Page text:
LAC DU FLAMBEAU - All students at the Lac du Flambeau Public School will get breakfast and lunch for free this year. A federal program will reimburse the school for all free meals given to students.
The program is called the Community Eligibility Provision. It's part of the 2010 Healthy, Hunger-Free Kids Act. Schools can participate in the Community Eligibility Provision if they have a high poverty rate.
Ninety percent of Lac du Flambeau Public School students already got free meals last year. Twenty-three students needed to pay a reduced price and 25 needed to pay full price.
School leaders think it's not always easy to pay for school meals, especially since the price goes up ten cents every year. The price for a school lunch last year was $1.80.
School leaders believe this program will help out a lot of families.
"It's going to mean more money for families to spend on things that are needed," said Lac du Flambeau district superintendent Larry Ouimette. "They can spend that money on food for home, school supplies, clothes, and those types of things."
School leaders think this program will make sure all students eat healthy meals to give them energy at school. They think the school will also benefit from the program.
"It's a four-year program, which means we won't have to apply for it again next year. We know that program will be in place for us. That helps us budget for our school district and makes it a little bit easier," said Ouimette.
The Lac du Flambeau Public School will also be using a new food provider this year. School leaders hope these changes will help students eat more nutritious food.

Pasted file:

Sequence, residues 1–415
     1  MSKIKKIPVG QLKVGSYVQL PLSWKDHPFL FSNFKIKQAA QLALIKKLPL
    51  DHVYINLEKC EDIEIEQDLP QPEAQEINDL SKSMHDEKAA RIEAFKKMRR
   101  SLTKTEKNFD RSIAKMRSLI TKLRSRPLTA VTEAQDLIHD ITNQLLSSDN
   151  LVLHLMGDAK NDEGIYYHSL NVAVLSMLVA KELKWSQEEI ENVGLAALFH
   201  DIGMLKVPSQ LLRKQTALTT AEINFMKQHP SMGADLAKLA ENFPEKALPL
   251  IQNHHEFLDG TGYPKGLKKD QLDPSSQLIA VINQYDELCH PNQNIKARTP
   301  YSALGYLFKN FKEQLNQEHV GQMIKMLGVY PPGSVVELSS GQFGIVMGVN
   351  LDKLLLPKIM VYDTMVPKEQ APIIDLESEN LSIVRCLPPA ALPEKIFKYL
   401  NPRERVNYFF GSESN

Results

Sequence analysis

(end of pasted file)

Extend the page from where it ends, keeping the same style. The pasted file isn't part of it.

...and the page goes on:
RHINELANDER - Dozens of Rhinelander students called in sick, forcing the district to shut down early last month. But teachers weren't immune either. It got so bad that there weren't enough substitute teachers on hand to fill in for the sick staff. The district is now recruiting more subs to be better prepared for another outbreak. Rhinelander schools went into the year with what they thought was a solid plan. But directors of instructions, Terri Maney says nature had other plans. "The pertussis did not only affect students, it affected staff," says Maney.
Students and teachers started getting sick in mid-December. Maney says they went into this school year with more substitute teachers than ever before. But they never planned for a pertussis outbreak. At one point, 1 in 5 students contacted the disease along with teachers calling in too.
WASHINGTON, D.C. - Donald Trump is now the 45th president of the United States. He's just taken the oath of office on the West Front of the Capitol.
The combative billionaire businessman and television celebrity won election in November over Democrat Hillary Clinton, and today he's leading a profoundly divided country - one that's split between Americans enthralled and horrified by his victory.
MADISON - A suspect is charged with killing a western Wisconsin sheriff's deputy in October and endangering the safety of several other officers as they were arresting him.
According to the criminal complaint filed Friday, Doug Nitek fatally shot Rusk County Sheriff's Deputy Dan Glaze on Oct. 29 after Glaze approached Nitek's vehicle. Glaze died of a gunshot wound to the head.
WAUSAU - The Wausau Police Department welcomed three new officers to the force Friday.
City Hall was full of city workers, police officers, fire fighters, and friends and family for the swearing-in ceremony. The officers are all excited to start serving the community, and in some cases, fulfill a lifelong dream.
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